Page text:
I have a few more cards made with matelasse style backgrounds topped with bright brusho elements. I once again chose intricate dies for the backgrounds. In the cards above and below I embossed watercolour paper with the no two are alike die. For focal elements I die-cut the city skyline, some snowflakes and a couple of words from a panel painted with turquoise and cobalt blue brusho.
The background below was embossed with the bird flower doily then matted with the same painted paper I die cut the dove from. All the dies I used for these three cards are listed and linked below.
I used my big shot/big kick to emboss these panels and my ‘sandwich’ was:
- multipurpose platform with one tab showing and one flipped open out of the way
- cutting plate
- silicon mat
- watercolour paper (damp)
- cutting plate
Today’s card features a hand painted flower and a hand lettered sentiment. I am open to suggestions as to what type of flower it is; it looks like it could be a dahlia, or perhaps a peony or pink cornflower. I am also a bit hazy on what I used to paint it – sorry – again! It was just a painting exercise that turned out looking like a real flower so I decided to turn it into a card. It could be distress stain or peerless watercolours. I matted the flower panel in a teal to match the leaves then popped a handlettered sentiment on a die cut tag.
Hope you are having a delightful day.
By the way The Foiled Fox is having a St Patrick’s Day sale this weekend, go check it out. Foiled Fox kindly sent me the Peerless watercolours that may or may not have been used on this card. They also sent me the beautiful nib holder that definitely was used to write that sentiment.
I hesitate to call this a ‘no line watercolour card because I can see the outline stamping quite clearly in most places. The technique is one I regularly use where I stamp with either distress stains or distress inks then blend colour out of the stamped image with a damp paint brush to fill the interior shapes, in this case petals and leaves.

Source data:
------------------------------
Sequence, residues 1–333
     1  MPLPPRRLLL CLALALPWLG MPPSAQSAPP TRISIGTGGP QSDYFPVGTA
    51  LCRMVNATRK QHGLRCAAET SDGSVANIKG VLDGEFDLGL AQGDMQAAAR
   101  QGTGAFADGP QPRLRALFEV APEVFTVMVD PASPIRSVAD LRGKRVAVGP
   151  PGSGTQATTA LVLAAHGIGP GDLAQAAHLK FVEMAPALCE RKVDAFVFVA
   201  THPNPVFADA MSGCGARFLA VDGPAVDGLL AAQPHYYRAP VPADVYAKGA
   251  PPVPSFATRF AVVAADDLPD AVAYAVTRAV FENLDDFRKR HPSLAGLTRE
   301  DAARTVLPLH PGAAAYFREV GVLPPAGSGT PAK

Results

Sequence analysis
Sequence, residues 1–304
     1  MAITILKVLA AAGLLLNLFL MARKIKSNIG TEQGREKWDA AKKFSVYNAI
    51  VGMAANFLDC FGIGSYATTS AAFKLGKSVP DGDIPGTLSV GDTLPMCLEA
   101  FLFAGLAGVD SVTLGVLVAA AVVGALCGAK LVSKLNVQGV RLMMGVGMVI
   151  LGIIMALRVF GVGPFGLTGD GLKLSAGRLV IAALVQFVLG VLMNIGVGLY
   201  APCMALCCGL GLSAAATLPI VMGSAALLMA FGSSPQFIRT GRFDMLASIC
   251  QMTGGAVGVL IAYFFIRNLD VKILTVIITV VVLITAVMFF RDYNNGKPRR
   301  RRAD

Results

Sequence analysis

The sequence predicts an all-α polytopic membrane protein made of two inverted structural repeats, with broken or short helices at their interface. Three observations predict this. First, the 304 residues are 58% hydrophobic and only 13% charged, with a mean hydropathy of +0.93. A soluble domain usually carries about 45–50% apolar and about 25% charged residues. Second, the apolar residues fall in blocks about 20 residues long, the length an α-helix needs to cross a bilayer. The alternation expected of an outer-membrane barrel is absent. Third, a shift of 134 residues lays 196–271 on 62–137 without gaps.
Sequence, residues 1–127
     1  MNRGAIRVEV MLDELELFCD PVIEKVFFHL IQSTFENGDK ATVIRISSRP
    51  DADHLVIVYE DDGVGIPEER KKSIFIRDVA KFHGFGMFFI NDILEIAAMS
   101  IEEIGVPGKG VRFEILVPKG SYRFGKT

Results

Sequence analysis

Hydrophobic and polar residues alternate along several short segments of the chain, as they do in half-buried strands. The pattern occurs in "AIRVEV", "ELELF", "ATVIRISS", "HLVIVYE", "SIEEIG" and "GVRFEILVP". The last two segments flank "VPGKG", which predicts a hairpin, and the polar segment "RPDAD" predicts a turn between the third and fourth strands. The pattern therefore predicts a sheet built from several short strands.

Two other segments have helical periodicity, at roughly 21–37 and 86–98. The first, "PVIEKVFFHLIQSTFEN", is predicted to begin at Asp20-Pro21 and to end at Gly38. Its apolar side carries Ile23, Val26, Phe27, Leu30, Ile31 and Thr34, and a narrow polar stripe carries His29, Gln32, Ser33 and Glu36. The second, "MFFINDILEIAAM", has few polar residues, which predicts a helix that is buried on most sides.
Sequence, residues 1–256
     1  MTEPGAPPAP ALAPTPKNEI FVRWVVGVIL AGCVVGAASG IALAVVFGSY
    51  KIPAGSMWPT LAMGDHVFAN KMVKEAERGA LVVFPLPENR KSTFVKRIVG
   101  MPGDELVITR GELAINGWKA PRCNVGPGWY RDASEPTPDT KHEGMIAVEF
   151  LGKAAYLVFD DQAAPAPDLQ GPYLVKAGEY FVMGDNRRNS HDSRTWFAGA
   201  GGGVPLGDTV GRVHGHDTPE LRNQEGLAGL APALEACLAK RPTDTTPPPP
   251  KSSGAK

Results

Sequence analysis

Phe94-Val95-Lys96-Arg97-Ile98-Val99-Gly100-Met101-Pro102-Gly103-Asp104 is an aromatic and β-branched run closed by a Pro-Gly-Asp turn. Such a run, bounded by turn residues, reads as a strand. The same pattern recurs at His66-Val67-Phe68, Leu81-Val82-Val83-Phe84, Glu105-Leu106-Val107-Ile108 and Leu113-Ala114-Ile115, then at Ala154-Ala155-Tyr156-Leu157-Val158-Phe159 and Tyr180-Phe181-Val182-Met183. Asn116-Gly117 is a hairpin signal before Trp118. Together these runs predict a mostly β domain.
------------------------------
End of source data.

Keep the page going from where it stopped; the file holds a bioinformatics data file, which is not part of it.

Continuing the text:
I stamped the ‘first blush’ outline stamp from Penny Black in wild honey ink on cold pressed watercolour paper then stamped it on masking paper also. Believe it or not I cut a fiddly mask adequately enough to mask my first stamped image so I could stamp another overlapping the first. That is how I managed blossoms behind blossoms. With all the stamping done I picked up a small round watercolour brush (probably a size 2 or 3) and started painting worn lipstick stain into the petals. The pink stain blended with the wild honey stamped ink to make a coral colour. While the petals were still damp I dropped some spiced marmalade distress stain into the petals to give me light and dark areas. I filled the stems and leaves with forest moss stain then, when all was dry, drew some centres in the blossoms with a spiced marmalade distress marker.
To finish the card I stamped the scripture sentiment about friendship in versafine ink and coloured in the word ‘sweet’ to make it solid like the rest. I have a simpler design with this same sweet blossom stamp to share another day. I’m joining in with Kathy Racoosin’s 30 day colouring challenge again as I imagine many of you are too.
Stamps: first blush, faith (PB)
Cardstock: cold pressed watercolour paper, olive green cardstock
Ink: versafine olympia green & vintage sepia (Tsukineko) forest moss, worn lipstick, spiced marmalade distress stains, wild honey distress ink (Ranger)
Back in January I was honoured to be ‘top pick’ of the CAS watercolour challenge. Today I am excited to be back as a guest designer for their March challenge.
Apparently spring has sprung in some places! I don’t expect to see tulips for a couple more months but that didn’t stop me from using the new ‘first waltz’ stamp from Penny Black to create my CAS project for the challenge.